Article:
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Clinical Hub,Patient Education,Health and Nutrition Facts For You,Surgery

Carpal Tunnel Release (4568)

Carpal Tunnel Release (4568) - Clinical Hub, Patient Education, Health and Nutrition Facts For You, Surgery

4568


Carpal Tunnel Release
Surgical date________________________________________
Doctor_____________________________________________

This handout will go over the care you need
to follow once you are home. If you have
any questions or concerns, please ask your
medical provider or their staff. Our staff is
here to help you. If you have questions after
you are at home, please call the numbers
listed at the end of this handout.

Activity
ξ Rest and relax the first day. Getting
enough sleep will help you recover.
ξ Keep your arm elevated on several
pillows so your arm is above the
level of your heart.
ξ Do not lift anything with your
surgical hand for 2 weeks.
o This includes doing repeated
arm or hand movements such
as typing or using a computer
mouse
o Do not use power tools, and
avoid activities that cause
vibration.
o You will need to use your
other hand and arm more.
ξ You may move your fingers.
ξ Check your fingertips every 4-6
hours the first couple days.
o The fingers should feel warm
and the color should be your
normal skin color.
ξ After the first couple of days, look at
your fingers twice a day.
ξ If you have increased swelling,
numbness, tingling, a color or
temperature change, call your
doctor.
ξ After the first couple of days resume
your usual routines slowly.
Dressing Care
ξ You will have a bulky dressing or
splint Do Not remove the dressing or
splint unless you are told to by your
medical provider or their staff
ξ Many people have a dressing on for
1-2 weeks.

ξ Cover the dressing or splint with a
plastic bag and seal the edges with
tape when you shower.
ξ Do not take a bath until the incision
heals, or until your doctor tells you it
is okay.
ξ If you accidentally get the splint wet,
call your doctor.
ξ Wear loose fitting clothes that are
easy to get your bandage through.
Pain Management
ξ If the doctor gave you a prescription
medicine for pain, take it as
prescribed.
ξ If you need a refill of a prescription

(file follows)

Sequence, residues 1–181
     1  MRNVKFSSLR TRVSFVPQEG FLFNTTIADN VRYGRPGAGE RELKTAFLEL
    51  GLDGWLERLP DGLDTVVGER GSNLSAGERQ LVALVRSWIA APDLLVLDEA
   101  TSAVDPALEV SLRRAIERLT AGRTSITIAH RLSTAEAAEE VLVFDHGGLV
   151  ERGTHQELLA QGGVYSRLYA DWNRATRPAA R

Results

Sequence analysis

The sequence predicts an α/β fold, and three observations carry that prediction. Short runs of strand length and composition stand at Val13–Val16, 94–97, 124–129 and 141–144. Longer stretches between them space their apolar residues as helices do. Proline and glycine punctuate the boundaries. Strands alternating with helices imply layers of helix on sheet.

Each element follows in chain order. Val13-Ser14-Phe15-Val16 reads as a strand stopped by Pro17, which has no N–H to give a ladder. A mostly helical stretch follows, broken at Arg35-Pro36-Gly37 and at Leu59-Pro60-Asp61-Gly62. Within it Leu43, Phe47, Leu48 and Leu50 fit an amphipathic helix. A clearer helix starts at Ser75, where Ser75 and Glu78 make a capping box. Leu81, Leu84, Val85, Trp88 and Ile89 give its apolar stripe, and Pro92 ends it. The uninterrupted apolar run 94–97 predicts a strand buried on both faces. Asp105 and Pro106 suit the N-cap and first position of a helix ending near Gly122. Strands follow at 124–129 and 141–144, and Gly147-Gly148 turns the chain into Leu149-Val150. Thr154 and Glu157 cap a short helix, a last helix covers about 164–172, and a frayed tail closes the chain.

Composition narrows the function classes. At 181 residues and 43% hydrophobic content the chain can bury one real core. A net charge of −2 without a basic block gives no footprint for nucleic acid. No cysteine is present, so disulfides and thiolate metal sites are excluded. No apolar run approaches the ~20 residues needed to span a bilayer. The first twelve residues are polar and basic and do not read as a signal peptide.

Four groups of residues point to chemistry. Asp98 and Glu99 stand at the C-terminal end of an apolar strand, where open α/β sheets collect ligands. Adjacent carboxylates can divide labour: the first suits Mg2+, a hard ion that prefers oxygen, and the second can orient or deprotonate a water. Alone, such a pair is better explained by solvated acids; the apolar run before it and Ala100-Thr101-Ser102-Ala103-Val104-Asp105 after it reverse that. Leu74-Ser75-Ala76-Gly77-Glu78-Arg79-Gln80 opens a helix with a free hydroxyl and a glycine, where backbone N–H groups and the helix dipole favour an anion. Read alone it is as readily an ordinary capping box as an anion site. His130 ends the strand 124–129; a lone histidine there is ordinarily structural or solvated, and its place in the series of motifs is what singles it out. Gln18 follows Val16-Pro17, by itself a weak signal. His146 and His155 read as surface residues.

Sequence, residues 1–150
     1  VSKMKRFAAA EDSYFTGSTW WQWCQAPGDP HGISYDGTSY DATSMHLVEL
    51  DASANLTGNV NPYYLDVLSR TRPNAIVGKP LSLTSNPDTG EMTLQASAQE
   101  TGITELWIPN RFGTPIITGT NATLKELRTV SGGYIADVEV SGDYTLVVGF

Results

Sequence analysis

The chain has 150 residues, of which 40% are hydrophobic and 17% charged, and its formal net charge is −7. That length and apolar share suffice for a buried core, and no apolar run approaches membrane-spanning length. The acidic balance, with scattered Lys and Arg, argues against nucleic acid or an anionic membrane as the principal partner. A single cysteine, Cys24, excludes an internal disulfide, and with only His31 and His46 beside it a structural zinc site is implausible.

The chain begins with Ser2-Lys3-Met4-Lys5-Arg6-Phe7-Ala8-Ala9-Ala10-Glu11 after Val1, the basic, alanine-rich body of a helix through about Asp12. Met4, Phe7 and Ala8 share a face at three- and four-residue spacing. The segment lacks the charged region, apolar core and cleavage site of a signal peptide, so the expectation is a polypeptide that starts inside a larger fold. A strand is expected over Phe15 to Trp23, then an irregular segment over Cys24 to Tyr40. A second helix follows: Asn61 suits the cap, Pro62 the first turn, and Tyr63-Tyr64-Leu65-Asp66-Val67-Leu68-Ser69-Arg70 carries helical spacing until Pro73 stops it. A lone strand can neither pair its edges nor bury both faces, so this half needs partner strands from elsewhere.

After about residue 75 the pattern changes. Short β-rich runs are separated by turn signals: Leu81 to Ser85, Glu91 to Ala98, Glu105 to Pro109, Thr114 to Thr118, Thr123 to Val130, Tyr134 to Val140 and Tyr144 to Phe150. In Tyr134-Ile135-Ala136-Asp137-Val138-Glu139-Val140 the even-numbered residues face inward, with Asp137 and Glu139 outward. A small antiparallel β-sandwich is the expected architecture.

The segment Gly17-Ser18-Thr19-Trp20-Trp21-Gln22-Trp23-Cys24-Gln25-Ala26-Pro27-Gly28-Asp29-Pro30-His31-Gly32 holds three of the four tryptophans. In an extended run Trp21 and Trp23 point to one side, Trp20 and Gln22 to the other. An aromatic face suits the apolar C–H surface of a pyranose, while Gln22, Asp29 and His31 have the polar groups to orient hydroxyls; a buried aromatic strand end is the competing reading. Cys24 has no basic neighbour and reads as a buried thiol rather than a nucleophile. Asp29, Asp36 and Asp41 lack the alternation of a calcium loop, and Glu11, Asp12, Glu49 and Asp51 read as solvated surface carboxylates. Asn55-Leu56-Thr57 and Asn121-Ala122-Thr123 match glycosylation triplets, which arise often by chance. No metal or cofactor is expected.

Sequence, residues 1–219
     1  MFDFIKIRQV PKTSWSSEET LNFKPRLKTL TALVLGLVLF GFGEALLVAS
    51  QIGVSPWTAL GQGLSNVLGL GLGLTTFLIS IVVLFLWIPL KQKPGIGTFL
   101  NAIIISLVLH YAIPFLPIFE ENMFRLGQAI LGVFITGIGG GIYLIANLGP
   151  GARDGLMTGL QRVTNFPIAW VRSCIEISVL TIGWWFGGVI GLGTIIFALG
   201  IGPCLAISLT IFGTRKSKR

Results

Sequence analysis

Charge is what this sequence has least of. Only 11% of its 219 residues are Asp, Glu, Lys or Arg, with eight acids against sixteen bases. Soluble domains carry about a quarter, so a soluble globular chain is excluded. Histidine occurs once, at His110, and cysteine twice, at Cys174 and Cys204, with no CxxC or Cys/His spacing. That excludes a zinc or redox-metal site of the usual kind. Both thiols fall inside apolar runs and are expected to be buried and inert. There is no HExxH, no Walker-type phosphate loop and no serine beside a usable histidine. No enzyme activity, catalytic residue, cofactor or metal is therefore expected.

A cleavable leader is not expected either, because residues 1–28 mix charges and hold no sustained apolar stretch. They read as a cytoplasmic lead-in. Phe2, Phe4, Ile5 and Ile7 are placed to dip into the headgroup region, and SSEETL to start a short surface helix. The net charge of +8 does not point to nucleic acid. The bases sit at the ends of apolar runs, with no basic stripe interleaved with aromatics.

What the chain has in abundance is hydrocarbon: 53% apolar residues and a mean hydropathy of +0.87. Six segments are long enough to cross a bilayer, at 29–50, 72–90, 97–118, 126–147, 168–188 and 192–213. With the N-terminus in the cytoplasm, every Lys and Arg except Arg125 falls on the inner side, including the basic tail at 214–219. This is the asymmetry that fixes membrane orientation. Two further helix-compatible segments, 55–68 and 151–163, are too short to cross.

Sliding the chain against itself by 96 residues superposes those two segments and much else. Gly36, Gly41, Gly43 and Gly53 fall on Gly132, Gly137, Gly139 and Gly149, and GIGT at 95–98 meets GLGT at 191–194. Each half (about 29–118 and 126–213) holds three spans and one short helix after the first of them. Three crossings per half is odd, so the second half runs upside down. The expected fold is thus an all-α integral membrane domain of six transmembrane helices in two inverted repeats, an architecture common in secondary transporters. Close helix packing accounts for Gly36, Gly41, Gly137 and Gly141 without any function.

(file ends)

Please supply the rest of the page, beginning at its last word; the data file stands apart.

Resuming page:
pain medicine please call the clinic
3-4 business days prior to needing
refill
ξ You may need to come to the clinic
to pick up a paper prescription for
your pain medicine
ξ You may take Tylenol up to 3000
mg in 24 hours or Ibuprofen up to
2400 mg in 24
Ice and elevation
ξ Put ice or a cold pack on your wrist
for 10 to 20 minutes at a time. Try to
do this every 1 to 2 hours for the
next 3 days (when you are awake) or
until the swelling goes down. Put a
thin cloth between the ice and your
skin.
ξ Prop up the surgical wrist on a
pillow when you ice it or anytime
you sit or lie down during the next 3
days. Try to keep it above the level
of your heart. This will help reduce
swelling.
Return to work
ξ Discuss with your doctor when you
will be able to return to work.
ξ It is common to be off work for 2
weeks and light duty for 4 weeks.
Driving
ξ Do not drive while you are taking
narcotic pain medicine.
ξ You may drive when you are fully
able to use your hand.
Temperature
ξ Take your temperature daily for a
week.
ξ Call your doctor if your temperature
is greater than 100.5 F or 38.1° C for
2 readings taken 4 hours apart.
Smoking
ξ We strongly suggest you quit
smoking, avoid tobacco products,
and second hand smoke.
Eating & Drinking
ξ Eat a light meal the first night you
are home. Then, you may resume
your normal eating habits.
ξ Drink two (8-ounce) glasses of fluid
your first evening home.
ξ Do not drink any alcohol for 48
hours or until you stop taking pain
medicine.
o It does not mix well with pain
medicines and may make you
sick.
Follow-Up
ξ You will return to clinic in 1-2
weeks to have your dressing and
your stitches removed and you may
be placed in a short arm cast.

o You will return to clinic 2-3
weeks later for cast removal.
ξ After the cast is removed, you can
slowly increase the use of your hand
as you are able.
When to Call the Doctor
ξ Excess swelling or increased
numbness not made better by
elevating the hand and moving the
fingers.
ξ Bleeding.
ξ Cool fingertips.
ξ A color change in your hand or
fingers.
ξ Signs of infection in the incision.
o Warmth and/or redness.
o Cloudy, pus-like drainage.
o Excessive swelling.
o Fever-temperature above
100.5º F or 38.1° C for two
reading taken 4 hours apart
ξ Your splint is too tight, too loose,
broken, or wet.
Phone Numbers
If you have questions or concerns, please
call:

Orthopedic Clinic (608) 263-7540
Research Park (608) 265-3207
The American Center (608) 440-6242
If you live out of the area, call
1-800-323-8942
After hours and weekends: Call the above
phone numbers. This will give you the
hospital paging operator.
Ask for the orthopedic resident on-call.
Leave your name and phone number. The
doctor will call you back.




Your health care team may have given you this information as part of your care. If so, please use it and call if you
have any questions. If this information was not given to you as part of your care, please check with your doctor. This
is not medical advice. This is not to be used for diagnosis or treatment of any medical condition. Because each
person’s health needs are different, you should talk with your doctor or others on your health care team when using
this information. If you have an emergency, please call 911. Copyright © 5/2017 University of Wisconsin Hospitals
and Clinics Authority. All rights reserved. Produced by the Department of Nursing. HF#4568